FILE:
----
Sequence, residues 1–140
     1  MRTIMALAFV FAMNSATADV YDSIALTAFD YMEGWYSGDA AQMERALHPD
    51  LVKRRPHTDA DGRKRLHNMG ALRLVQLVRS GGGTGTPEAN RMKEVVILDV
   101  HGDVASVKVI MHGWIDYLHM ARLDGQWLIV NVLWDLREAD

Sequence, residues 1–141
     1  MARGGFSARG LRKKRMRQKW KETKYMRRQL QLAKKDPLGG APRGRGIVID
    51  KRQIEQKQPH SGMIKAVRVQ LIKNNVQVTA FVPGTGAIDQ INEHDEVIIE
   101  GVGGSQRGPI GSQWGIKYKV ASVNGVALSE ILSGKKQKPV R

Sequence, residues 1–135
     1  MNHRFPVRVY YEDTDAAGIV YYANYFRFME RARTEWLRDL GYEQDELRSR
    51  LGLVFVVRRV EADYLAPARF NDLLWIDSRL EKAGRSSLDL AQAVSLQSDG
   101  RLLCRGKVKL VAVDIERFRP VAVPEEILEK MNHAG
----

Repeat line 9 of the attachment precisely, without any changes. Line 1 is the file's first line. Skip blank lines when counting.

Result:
Sequence, residues 1–135